Billboard’s ‘Official’ Magna Carta Sales: 527,000…

Jay-Z won’t be entering the history books on his latest album, but then again, that depends on which history book you’re reading.  And despite being denied credit for selling one million copies to Samsung, Jay-Z is still scoring a number one album forMagna Carta… Holy Grail.

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According to the ‘official’ tally confirmed by Billboard and Nielsen Soundscan on Tuesday, Magna Carta achieved sales of ‘just’527,000 units, based on more traditional sales of downloads and CDs.  That includes everything from Amazon to iTunes to Walmart, but not app albums purchased by Samsung and distributed to fans.

Which means, here’s what the Billboard’s history book won’t be showing:

If all 1,527,000 copies had been counted, Magna Carta would have easily been the best-selling, first-week album this year, easily beating Justin Timberlake’s The 20/20 Experience (968,000 first-week copies).  Instead, Magna Carta is the second best-selling (with Daft Punk’s Random Access Memories now the third).

If all 1,527,000 copies had been counted, Magna Carta would have a pretty good chance of being the best-selling album of 2013.  Currently, The 20/20 Experience is in the lead with more than two million sold this year.

If all 1,527,000 copies had been counted, Magna Carta would have been one of the top five best-selling first-week albums of all time, beaten only by these albums (also counted by Soundscan):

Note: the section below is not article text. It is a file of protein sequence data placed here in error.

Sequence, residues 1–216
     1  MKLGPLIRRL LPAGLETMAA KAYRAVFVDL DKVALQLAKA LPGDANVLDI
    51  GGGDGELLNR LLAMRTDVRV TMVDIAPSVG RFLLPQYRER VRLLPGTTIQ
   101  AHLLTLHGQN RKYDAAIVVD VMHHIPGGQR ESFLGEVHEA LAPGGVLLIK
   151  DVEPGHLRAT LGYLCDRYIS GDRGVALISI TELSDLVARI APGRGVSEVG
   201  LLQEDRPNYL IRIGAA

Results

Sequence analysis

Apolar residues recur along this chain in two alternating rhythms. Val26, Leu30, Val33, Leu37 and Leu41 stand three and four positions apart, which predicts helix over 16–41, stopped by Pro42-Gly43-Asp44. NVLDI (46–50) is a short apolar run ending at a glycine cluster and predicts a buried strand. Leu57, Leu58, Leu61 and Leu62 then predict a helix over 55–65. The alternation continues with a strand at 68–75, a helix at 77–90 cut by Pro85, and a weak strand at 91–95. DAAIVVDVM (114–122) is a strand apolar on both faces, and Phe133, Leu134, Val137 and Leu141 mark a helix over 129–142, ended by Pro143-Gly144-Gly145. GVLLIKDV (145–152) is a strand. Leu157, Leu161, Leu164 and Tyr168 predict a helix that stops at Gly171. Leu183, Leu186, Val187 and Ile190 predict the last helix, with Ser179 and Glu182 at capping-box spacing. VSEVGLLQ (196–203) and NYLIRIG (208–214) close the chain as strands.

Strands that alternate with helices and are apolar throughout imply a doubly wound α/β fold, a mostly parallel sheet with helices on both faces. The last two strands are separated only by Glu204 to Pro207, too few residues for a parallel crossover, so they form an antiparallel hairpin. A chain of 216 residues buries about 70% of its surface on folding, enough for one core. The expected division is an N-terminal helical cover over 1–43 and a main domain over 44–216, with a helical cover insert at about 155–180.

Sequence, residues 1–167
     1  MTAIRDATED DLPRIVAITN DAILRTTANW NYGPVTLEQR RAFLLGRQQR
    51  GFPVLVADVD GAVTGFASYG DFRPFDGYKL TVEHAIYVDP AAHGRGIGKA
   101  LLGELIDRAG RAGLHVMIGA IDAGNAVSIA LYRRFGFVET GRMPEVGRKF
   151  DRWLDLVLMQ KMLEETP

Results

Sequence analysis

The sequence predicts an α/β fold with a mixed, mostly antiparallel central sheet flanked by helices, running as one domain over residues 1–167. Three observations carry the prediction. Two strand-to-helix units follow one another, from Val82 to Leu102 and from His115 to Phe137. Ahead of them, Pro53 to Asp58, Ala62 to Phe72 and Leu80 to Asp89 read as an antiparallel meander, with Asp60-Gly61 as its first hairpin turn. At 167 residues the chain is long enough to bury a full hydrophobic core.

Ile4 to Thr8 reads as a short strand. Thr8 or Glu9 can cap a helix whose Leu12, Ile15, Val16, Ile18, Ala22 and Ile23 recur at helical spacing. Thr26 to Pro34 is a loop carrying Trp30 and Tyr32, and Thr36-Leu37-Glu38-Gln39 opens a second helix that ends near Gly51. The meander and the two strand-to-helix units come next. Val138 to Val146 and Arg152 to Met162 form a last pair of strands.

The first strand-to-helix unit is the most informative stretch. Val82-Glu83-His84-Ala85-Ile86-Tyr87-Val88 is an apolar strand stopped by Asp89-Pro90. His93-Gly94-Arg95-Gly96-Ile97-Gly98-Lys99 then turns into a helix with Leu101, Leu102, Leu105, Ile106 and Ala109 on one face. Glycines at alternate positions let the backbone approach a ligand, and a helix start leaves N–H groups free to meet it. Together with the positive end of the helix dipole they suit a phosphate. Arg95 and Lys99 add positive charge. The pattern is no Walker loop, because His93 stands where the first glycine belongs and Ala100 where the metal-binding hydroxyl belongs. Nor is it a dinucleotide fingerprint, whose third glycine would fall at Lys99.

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Instead, Magna Carta will not be counted in this elite ranking.

And, if all 1,527,000 copies had been counted, Magna Carta would easily have the best first-week sales result of the past 10 years, easily beating recent first-weeks by Taylor Swift (Red, 1.2 million) and Lady Gaga (Born This Way, 1.1 million).
Separately, Magna Carta has been confirmed as having the most first-week streams ever on Spotify, with 14 million.  The album also set a release day streaming record (and yes, Spotify is counting them all).

3 Responses

  1. Henry Chatfield

    I appreciate your thoughts on this Paul, but the whole thing is kind of antiquated. The most records sold with N’Sync and Eminem represent a very different era than right now with Jay Z and MCHG. In many ways, ‘first week sales’ was the best way to gauge popularity and interest, but now we have more data, so why keeping using an outdated system?
    It almost doesn’t matter how many albums he sold first week, and a much more interesting metric is how many people actually listened. And for that reason, I am going to be paying a lot less attention on sources like Billboard and a whole lot more attention to streaming services like Spotify.

  2. William

    Samsung paid Jay-Z 5 million dollars for 1 millions albums. Then gives then away for free! I don’t see how this really counts as actual sales. I’m glad billboard is not counting them. It’s like if in the old days, if warner music hired someone to go to tower records and buy 1 million records off the shelf and chock up the expense as “marketing cost”.

  3. Jay Harley

    It’s absurd that Billboard would not count the 1 million records bought by Samsung. It is a new age of technology available for consumers. these old statistics need to be revised. They key is that THERE WAS SOMETHING FOR SALE. If I sell a pair of shoes for $200 and the person decides to give them away for free that has nothing to do with me. Companies are always screaming “be innovative” but when you are they reject you.